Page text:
This film depicts child porn but no actual children engaged in sexual activity, so it is protected by US free speech. However, this film is still illegal in Norway, as it violates two sections of their Penal Code: sections 204(a) -- distributing/purchasing depictions of sexual abuse of a child where child is defined as a person who is or appears to be under 18; and 382 -- distributing media depicting gross violence (violent sexual assault).(12) The very act of owning the film in Norway is a crime.

This movie is satirical; it (hopefully) exaggerates the levels of human depravity to deride exploitation of a country and its people, whether the director intended that or not. I do not think this film is obscene -- but I don't set the community standard. The public and judges set the community standard, so let's all reflect on what obscenity really means before making any decisions. Especially when people can see films like this easily on the internet and banning them drives people to see them.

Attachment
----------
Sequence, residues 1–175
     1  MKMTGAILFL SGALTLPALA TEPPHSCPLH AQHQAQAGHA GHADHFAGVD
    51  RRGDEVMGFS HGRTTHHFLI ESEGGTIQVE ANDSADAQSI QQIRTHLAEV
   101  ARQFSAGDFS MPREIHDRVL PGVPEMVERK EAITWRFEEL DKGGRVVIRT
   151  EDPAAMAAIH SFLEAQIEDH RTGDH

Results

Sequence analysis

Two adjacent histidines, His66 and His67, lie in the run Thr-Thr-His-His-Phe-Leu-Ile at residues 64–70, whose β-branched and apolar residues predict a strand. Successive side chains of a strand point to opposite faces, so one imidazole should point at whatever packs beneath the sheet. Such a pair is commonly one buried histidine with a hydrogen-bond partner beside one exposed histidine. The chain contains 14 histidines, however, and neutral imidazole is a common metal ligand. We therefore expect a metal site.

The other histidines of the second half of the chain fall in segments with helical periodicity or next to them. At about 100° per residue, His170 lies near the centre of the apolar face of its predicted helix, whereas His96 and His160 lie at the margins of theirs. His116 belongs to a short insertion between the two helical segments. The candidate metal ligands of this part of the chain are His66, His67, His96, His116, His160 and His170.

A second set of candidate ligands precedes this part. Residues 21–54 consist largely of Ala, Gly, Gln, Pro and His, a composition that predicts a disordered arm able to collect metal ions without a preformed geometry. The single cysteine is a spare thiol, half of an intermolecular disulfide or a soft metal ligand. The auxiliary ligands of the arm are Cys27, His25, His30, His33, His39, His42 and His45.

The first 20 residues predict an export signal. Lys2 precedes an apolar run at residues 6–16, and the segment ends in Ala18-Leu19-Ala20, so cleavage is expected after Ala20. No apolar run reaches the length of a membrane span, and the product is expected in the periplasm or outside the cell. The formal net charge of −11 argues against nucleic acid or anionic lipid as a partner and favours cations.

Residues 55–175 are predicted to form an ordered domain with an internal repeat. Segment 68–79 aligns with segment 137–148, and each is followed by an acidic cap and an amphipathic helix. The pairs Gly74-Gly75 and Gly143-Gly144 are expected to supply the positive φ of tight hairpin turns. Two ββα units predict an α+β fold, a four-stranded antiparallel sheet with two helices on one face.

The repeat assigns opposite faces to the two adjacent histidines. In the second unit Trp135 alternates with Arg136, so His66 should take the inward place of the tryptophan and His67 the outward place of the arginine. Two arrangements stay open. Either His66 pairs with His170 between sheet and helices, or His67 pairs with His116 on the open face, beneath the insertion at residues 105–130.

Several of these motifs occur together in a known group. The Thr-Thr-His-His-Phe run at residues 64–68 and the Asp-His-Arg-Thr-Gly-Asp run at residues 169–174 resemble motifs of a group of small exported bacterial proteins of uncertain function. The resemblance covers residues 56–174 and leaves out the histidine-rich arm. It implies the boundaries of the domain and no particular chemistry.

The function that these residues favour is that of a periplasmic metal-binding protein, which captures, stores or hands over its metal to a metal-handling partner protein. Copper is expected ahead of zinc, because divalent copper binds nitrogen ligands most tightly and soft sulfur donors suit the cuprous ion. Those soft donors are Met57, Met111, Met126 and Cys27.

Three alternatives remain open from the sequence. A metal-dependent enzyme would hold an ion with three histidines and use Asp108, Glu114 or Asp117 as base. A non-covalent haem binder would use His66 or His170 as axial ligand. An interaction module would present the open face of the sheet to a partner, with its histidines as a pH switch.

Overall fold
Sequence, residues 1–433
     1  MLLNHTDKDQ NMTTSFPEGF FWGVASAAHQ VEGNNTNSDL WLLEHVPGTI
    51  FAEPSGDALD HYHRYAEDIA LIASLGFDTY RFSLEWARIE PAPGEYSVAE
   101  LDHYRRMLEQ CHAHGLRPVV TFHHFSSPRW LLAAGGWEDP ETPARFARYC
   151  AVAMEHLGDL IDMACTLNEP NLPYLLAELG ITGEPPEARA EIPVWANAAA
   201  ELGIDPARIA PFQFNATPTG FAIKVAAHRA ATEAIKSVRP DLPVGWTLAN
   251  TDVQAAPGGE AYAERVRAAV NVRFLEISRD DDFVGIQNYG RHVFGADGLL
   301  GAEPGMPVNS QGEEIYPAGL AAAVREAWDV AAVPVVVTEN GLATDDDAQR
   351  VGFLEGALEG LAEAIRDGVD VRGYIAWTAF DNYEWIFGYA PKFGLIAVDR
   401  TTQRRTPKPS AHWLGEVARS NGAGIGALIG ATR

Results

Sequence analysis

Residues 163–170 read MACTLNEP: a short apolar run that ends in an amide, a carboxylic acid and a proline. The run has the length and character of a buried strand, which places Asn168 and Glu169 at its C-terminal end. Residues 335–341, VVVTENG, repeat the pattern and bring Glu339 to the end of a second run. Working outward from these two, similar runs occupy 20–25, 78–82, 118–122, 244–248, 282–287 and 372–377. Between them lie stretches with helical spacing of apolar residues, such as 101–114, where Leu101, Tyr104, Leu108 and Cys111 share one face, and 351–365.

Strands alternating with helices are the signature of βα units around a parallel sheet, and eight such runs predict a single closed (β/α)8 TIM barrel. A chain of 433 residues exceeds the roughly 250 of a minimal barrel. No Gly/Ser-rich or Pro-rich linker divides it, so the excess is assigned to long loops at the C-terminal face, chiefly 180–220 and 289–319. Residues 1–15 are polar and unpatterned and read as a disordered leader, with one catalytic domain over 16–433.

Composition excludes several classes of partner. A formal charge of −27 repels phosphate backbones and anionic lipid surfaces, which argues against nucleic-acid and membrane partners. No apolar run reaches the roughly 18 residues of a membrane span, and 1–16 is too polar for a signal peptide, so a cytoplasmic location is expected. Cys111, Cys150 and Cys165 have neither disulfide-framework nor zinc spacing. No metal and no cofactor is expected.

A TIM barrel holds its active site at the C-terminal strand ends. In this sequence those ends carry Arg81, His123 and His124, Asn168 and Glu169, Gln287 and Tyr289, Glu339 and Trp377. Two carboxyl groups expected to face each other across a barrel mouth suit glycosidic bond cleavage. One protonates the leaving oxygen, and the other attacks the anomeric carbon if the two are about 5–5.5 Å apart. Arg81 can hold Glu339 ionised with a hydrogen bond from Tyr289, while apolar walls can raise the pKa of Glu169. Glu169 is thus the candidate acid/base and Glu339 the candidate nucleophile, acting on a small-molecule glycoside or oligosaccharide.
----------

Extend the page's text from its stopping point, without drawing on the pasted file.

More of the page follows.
Do you want my non-legal opinion? Never watch this f*cking movie. Norway is right; it's full of over the top violence against women and other disgusting acts that lose any meaning after they are frequently repeated. Read a book of Serbian aphorisms instead. They are dark AND funny.(13) It builds good will and a likable lead and throws those away through senseless shock imagery. This is one of few films where I'd tell you to instead watch I Spit on Your Grave (1978). I give it a 2.5/10; for the creative cinematography, effective minimalist set dressing, and the lead delivering a grueling performance.

  1. Satire. (2013). In Oxford English Dictionary,
  2. Jacobellis v Ohio, 78 U.S. 184, page 378. Note: the film in this case that someone argued was obscene, Les Amants (1958), is a french drama about a woman leaving her husband for a younger man *GASP*.
  3. Roth v United States, 354 U.S. 476 . Pp. 191-195.